Amplitude Demodulating BPSK31

BPSK31 has become a very popular digital communication mode among amateur radio operators due in no small part to its efficiency and narrow bandwidth. You can easily demodulate BPSK31 signals with readily available DSP software, or even using an Arduino.

Never the less, I thought it would be fun to build an analog BPSK31 demodulator that would output digital bits via simple two wire bus, and hit upon the idea of doing this relatively easily using amplitude demodulation.

Amplitude demodulating phase modulated data??

Amplitude demodulating phase modulated data??

I know, I know, a proper PSK demodulator would implement a costas loop or similar phase detection circuit. This approach is a hack for sure, and won’t work as well as a proper phase demodulator, but has the advantage of being easily constructed with a hand full of “jellybean” components that are probably already sitting in your parts bin.

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Comparator Basics

Comparators are quite handy devices that are often used to detect when a certain voltage threshold has been crossed. They are basically like an open-loop operational amplifier, but unlike op amps, are specifically designed for driving their output to “rail to rail”.

The simplest comparator just compares an input voltage to a reference voltage, setting its output high when the input voltage exceeds the reference voltage, and setting its output low when the input voltage falls below the reference voltage:

A basic comparator circuit

A basic comparator circuit

Note that the only additional components are the pull up resistor on the comparator’s output (the LM393 uses open collector outputs), and the resistor divider network to set the reference voltage. This works as expected, with the comparator’s output switching between its high and low states whenever the input signal crosses the 2.5V mark:

Comparator output (blue) vs input (yellow)

Comparator output (blue) vs input (yellow)

(Note that the input signal here is actually exceeding the maximum negative input voltage for the LM393 when run from a single supply, which likely accounts for the distorted waveform on the input pin; so yeah, don’t do that!)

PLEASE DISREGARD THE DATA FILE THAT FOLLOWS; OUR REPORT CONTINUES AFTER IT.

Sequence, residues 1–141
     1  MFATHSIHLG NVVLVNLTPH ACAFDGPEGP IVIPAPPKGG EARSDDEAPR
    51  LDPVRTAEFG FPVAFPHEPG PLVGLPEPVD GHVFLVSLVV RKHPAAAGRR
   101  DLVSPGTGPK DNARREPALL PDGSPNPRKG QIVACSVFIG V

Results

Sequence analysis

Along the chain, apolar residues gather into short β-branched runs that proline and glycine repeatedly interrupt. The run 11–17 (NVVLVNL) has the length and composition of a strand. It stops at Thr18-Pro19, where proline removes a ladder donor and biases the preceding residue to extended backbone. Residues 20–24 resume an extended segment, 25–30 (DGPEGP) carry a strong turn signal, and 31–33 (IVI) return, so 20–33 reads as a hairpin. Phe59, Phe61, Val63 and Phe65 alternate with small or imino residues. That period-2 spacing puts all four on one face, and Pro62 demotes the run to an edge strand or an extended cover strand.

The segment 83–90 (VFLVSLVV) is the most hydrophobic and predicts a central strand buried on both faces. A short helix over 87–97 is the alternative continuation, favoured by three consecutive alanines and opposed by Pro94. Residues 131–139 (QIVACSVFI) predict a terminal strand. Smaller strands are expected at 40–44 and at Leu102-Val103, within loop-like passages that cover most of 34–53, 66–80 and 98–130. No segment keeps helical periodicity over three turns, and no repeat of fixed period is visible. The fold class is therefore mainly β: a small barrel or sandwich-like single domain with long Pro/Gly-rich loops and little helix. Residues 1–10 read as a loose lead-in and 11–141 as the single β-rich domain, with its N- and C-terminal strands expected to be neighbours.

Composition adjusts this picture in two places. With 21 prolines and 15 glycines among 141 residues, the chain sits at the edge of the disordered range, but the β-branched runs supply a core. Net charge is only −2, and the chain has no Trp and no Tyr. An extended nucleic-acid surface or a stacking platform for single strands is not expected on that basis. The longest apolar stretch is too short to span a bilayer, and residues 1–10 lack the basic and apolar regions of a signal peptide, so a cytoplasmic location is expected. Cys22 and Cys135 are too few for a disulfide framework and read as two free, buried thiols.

However, noisy or slow-moving input signals can easily cause false triggering, resulting in many rapid pulses at the comparator’s output:

Noisy inputs cause false triggering

Noisy inputs cause false triggering

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Op Amp Recovery and Slew Rates

When working with op amps, it’s generally a bad idea to drive the op amp output “rail to rail”. Why? Because it takes longer for the op amp output to recover from saturation and begin linearly tracking the input signal again. The actual recovery time of an op amp, and how badly this recovery time will affect your circuit, depends of course on the op amp and your circuit.

Let’s consider a simple full-wave rectifier circuit:

A simple full-wave rectifier

A simple full-wave rectifier

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Repairing an HP3466A Multimeter

My main bench multimeter is an HP3466A that I found at a hamfest a couple years ago. Mind you it’s older than I am, but it looked to be in good functional order, and $30 seemed like a fair price for a 4.5 digit bench meter, so I picked it up.

The HP3466A

The HP3466A

After a while though, I noticed that its DC voltage readings seemed to be low when probing circuits containing larger resistances; anything around 100K ohms caused a noticeable discrepancy in the expected voltage reading, and it worsened with larger resistances.

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